But slowly a top two emerged – Crystal and the Beer Alliance. We couldn’t separate them. Various ways of making a final judgment were attempted. Each time it produced a tie.

Just when it seemed we would need to go into lockdown, the DMA adjudicator detected a smidgen of difference in our judging of the pair at an earlier stage.

A fraction of one point in 240 must have won it for Crystal Cruises, at least according to my maths, but we didn’t know that at the time.

We were dismissed without being told the winner we had selected.

Such is the DMA’s commitment to keeping the winners and the process of choosing them under wraps that we weren’t allowed to remove anything from the room.

So the copious and very funny notes I took throughout have been lost – you will have to take my word that they were copious.


Drama, clarity and consistency

The DMA says its awards recognise not just “the big idea” and the “clever film” but “the insights, the use of data, the craft, the return on investment” and “the work that pushes our industry forward”.

I don’t know much about any of that, so why did I consider Crystal Cruises’ entry among the best?

Crystal wanted a stand-out brand campaign in what its submission described as “a sea of sameness”.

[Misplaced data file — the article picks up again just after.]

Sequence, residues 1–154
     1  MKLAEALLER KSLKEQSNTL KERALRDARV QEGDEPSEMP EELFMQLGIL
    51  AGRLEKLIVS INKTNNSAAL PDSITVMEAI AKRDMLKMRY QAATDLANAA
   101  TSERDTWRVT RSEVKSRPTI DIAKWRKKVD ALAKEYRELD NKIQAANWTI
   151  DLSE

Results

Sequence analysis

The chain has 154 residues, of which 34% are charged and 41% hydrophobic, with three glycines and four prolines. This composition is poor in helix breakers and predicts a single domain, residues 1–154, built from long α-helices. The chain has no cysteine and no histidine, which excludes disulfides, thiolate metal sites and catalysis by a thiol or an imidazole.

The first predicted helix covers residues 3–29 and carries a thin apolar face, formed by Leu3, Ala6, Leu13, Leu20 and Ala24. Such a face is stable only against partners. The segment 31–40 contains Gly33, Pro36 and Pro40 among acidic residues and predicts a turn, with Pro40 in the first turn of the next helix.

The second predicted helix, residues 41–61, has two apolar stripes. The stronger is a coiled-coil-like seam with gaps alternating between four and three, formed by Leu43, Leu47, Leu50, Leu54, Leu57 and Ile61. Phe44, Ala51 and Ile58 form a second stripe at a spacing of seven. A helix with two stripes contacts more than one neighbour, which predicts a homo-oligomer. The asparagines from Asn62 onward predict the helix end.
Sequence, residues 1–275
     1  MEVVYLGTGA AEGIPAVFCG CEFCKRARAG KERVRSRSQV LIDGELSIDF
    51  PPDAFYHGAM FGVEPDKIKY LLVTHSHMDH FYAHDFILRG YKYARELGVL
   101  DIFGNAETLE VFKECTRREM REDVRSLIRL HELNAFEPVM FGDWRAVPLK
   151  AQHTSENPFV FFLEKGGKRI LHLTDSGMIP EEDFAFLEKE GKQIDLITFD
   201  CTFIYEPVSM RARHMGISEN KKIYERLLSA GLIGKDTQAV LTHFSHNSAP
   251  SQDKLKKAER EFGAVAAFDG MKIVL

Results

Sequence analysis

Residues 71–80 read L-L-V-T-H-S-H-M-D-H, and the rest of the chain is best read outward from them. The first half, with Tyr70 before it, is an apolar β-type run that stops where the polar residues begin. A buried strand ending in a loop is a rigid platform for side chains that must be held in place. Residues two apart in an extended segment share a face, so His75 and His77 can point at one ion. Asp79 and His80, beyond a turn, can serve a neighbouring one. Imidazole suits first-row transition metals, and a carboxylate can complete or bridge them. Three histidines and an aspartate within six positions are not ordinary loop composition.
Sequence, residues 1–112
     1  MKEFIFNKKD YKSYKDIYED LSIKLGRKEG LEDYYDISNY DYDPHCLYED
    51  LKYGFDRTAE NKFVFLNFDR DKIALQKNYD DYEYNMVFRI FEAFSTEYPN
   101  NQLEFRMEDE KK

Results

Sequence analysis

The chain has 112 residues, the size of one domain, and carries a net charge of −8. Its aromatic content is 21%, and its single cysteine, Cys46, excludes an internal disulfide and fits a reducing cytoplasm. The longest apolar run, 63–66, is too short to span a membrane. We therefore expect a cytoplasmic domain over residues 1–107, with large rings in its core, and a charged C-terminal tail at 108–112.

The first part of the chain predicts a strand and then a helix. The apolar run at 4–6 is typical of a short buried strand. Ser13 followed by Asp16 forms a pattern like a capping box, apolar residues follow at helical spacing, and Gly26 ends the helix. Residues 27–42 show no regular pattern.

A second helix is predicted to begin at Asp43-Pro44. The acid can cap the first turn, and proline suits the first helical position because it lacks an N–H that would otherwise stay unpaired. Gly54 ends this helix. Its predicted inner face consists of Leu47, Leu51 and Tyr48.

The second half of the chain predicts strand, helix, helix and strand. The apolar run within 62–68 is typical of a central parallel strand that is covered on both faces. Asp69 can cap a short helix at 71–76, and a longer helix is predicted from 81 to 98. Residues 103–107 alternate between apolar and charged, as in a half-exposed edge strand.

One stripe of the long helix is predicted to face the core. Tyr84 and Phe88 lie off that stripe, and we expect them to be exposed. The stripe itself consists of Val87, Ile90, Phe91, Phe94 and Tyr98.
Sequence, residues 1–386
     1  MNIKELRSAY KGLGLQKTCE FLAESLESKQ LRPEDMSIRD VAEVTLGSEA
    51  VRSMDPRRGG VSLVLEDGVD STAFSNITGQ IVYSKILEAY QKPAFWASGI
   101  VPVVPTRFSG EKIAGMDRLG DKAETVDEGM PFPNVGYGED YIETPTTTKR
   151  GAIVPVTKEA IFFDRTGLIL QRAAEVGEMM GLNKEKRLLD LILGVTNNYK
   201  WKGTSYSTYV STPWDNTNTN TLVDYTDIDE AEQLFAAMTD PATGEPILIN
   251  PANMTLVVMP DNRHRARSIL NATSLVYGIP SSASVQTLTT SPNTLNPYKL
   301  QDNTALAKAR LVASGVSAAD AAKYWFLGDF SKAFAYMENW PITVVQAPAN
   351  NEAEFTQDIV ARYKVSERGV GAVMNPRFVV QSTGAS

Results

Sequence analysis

The photo which fronted the campaign captured an approaching storm in the Caribbean. It was not just dramatic but unlike any other cruise ad I have seen. I would not much have wanted to be on a cruise heading into it.

I liked the clarity and consistency of message and thought it smart to have guests and crew at the campaign’s core – although the two young women in the approaching-storm photo did not look like archetypal cruise passengers, the average age of whom is 57. Perhaps Crystal Cruises appeals to a whole different demographic or has done since the campaign.

The supporting data – suggesting a staggering increase in online bookings and a rise in call volumes –were impressive but raised questions for me.

Cruises are overwhelmingly booked through travel agents so I would want to know the baseline for the 1150% increase in online bookings, especially when call volumes rose by just 15%.